The latest My Home Life bulletin celebrates the great work that managers and staff do to support families when they visit and offers some examples of good practice from relatives and staff.
Thanks for reading and please keep sending in your great stories!
How to make the most of mealtimes in care homes.
In our new bulletin we talk about food – everyones favourite subject. But, it is not just the food that makes mealtimes enjoyable. We asked care homes around the UK for their best practice tips for when it comes to creating a social mealtime, increasing appetites and involving residents, relatives and staff in decision making.
ALIVE IN ME – By Tudor Evans, Hengoed Park
I can still hear her singing
in her high, clear voice
humming around our house
two streets from the colliery,
riddling the ashes
from the stove in the scullery.
I can still feel his strong arms around me,
carrying me to the mine
to lie by the huge fan, 28 feet tall,
the lungs of the pit,
to cure my whooping cough.
My Mother, my father,
They’re alive in me.
I see her young,
glossy hair marcel-waved,
in her yellow twin set with the nipped-in waist,
laughing, joy blazing out
like a firework flaring
I remember him at my bedside
His big hands placing the candles,
To drive my nightmares away.
Still keeping me safe, they’re alive in me.
Writing ‘Alive in Me.’
Deb Llewellyn, creative writer, told us about how she worked with Tudor to create the poem ‘Alive in me.’
“For the last two years I have worked as a Writer in Residence for Age Cymru, in two care homes in the Swansea Valley. I listen to the residents and work collaboratively with them to form their words into poems – sometimes based on stories and memories, sometimes in response to stimuli such as paintings, photographs and objects.
It was in Hengoed Court, Swansea that I met Tudor Evans, and it was a privilege to write this poem with him. We wrote it over the course of several individual sessions. Tudor shared his memories with me of growing up in the mining town of Grovesend near Pontarddulais. His father was a miner and we spoke at length about his work.
As a young boy, Tudor caught whooping cough and his parents feared for his life. One night Tudor was struggling for breath, and in desperation, his father carried him to the enormous fan which circulated air throughout the pit. He believed that being in this strong air current would allow Tudor to breathe. It worked, and Tudor recovered. The vivid childhood memories that Tudor has of his parents form the core of this poem. Writing it was his act of tribute to them.”
What makes a good care home?
Mum never wanted to go into a care home; she used to say “they are all full of old people sitting around sleeping.” She based this on her visits to ‘old people’s homes’ when she used to entertain them as a member of her local church club choir – when she was in her eighties!
Her memory was deteriorating, and it was becoming more obvious that despite the home care she was receiving in addition to the many hours of family care, this was not enough to keep her well and safe at home.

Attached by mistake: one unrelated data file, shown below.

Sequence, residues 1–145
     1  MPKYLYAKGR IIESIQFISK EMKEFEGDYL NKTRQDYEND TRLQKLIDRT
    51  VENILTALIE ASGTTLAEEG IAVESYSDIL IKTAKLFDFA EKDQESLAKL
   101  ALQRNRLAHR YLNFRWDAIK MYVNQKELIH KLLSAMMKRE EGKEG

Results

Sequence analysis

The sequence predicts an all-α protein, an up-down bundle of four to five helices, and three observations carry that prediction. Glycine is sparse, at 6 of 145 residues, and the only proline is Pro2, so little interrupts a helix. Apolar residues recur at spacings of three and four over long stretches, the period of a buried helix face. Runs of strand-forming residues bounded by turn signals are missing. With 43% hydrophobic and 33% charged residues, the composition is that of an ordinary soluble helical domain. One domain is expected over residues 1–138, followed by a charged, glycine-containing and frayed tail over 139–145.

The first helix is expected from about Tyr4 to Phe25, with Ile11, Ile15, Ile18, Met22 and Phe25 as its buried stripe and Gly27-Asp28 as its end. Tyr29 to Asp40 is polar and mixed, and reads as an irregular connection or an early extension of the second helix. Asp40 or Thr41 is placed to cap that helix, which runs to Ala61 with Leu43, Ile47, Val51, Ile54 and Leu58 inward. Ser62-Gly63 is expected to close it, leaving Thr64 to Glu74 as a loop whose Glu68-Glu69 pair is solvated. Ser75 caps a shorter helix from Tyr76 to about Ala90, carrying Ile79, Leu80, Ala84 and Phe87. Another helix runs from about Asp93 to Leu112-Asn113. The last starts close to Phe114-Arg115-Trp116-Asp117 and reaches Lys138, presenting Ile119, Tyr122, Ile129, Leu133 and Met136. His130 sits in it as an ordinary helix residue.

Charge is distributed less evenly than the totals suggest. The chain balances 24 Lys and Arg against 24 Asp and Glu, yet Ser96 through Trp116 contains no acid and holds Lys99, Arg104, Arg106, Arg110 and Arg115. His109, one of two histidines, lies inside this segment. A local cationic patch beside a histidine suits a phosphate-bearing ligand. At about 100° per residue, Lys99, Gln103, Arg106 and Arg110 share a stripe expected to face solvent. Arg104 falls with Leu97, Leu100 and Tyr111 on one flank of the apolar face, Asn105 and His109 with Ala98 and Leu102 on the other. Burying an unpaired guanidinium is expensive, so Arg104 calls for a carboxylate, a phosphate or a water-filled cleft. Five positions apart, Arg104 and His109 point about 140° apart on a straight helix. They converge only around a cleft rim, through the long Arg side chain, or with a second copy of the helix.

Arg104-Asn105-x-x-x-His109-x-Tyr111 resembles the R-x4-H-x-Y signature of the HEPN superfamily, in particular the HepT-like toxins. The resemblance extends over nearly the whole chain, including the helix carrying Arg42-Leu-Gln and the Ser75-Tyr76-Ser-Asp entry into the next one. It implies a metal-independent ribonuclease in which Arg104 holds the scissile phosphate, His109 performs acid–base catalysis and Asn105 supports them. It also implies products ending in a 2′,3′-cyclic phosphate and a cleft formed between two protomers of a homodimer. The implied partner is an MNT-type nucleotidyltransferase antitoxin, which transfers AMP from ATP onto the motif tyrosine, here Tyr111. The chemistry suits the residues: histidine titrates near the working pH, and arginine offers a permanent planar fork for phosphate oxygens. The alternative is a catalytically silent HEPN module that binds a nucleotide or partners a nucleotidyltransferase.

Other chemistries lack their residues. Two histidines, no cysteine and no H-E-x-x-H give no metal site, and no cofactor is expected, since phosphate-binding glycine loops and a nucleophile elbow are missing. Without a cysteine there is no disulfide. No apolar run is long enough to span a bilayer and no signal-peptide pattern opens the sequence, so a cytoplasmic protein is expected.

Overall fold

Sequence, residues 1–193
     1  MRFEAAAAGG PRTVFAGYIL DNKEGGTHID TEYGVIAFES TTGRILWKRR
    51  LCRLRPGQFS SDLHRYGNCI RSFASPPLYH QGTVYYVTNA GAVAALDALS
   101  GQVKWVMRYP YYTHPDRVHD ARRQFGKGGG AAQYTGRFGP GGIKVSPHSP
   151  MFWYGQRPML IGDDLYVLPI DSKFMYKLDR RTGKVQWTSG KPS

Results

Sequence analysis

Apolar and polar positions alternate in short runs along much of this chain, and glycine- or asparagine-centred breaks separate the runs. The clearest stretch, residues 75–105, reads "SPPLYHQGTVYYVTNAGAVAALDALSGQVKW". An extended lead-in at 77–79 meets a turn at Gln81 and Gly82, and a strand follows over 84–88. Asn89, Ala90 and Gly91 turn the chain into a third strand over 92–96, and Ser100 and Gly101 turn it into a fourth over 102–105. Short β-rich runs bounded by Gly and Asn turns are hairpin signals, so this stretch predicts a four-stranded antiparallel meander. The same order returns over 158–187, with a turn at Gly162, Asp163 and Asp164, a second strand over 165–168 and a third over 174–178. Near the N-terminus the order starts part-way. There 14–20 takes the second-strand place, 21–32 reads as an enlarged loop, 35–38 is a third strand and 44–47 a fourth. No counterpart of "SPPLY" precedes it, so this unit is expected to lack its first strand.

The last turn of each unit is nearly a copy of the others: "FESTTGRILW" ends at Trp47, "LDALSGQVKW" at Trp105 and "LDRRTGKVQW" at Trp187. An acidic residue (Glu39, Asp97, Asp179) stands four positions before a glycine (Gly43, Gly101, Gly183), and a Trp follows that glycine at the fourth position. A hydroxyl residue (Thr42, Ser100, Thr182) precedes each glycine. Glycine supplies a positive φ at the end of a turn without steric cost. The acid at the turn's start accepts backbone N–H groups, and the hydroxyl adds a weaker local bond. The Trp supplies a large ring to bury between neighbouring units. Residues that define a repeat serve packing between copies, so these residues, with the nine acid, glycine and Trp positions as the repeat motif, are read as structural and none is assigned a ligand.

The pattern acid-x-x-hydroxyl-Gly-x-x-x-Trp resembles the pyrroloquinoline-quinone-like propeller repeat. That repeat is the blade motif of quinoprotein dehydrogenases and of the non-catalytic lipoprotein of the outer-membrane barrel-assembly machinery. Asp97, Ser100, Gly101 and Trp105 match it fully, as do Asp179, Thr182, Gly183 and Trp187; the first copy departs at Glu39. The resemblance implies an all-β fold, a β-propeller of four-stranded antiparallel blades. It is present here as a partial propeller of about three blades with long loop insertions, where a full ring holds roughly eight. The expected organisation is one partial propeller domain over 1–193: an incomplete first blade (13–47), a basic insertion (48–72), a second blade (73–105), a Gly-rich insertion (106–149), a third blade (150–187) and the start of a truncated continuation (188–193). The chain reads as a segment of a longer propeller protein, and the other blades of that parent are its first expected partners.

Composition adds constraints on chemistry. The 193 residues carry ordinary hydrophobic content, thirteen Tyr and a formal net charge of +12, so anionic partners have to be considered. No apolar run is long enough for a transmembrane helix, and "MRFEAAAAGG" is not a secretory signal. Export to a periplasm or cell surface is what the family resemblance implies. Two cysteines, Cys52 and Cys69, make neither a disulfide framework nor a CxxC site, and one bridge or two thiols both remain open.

We found a lovely care home. I was given a ‘fob’ to open the front door and I was told this is your Mum’s home, so come and go as you please; just visit her like you did before.
Mum was so happy, she had her own room, personalised with photographs and memorabilia, she had her own TV and her daily newspaper delivered.
She went out in the minibus, she enjoyed activities, she had her hair done, and her feet! She was also able to attend a church services on Sunday which was very important to her. There was such a friendly relaxed atmosphere, no set meal times or routines, everything revolved around how people were and what they wanted to do and at what time. Person-centred care at its very best. Mum enjoyed many impromptu sing-a-longs, and an old film on TV or making cakes, which were then eaten for tea. She loved hats and beads and would select a hat and beads from the coat stand in the corridor whenever she passed by I never knew what she would be wearing on her head when I visited!
The wonderful staff knew Mum so well, her likes, dislikes and little foibles; they treated her with compassion, devotion and humour.
There were phone calls on days when Mum was having a really good day, very bright and alert and staff wanted me to know so that I could visit her and enjoy this.
So many things that made a difference; when Mum went off her food, a carer went out and bought a variety of snacks which were then left for her to eat at will and when Mum returned from hospital following a fall, carers were able to rehabilitate her and get her walking again where the hospital had failed.
At the end of her life Mum became weak, spending much of the time asleep. During that time she was never alone, and everything was done to keep her comfortable. The last days of her life were calm and serene; she was cared for by carers who knew and loved her and this gave me great comfort.
Many thanks to Marianne Manser for sharing her story.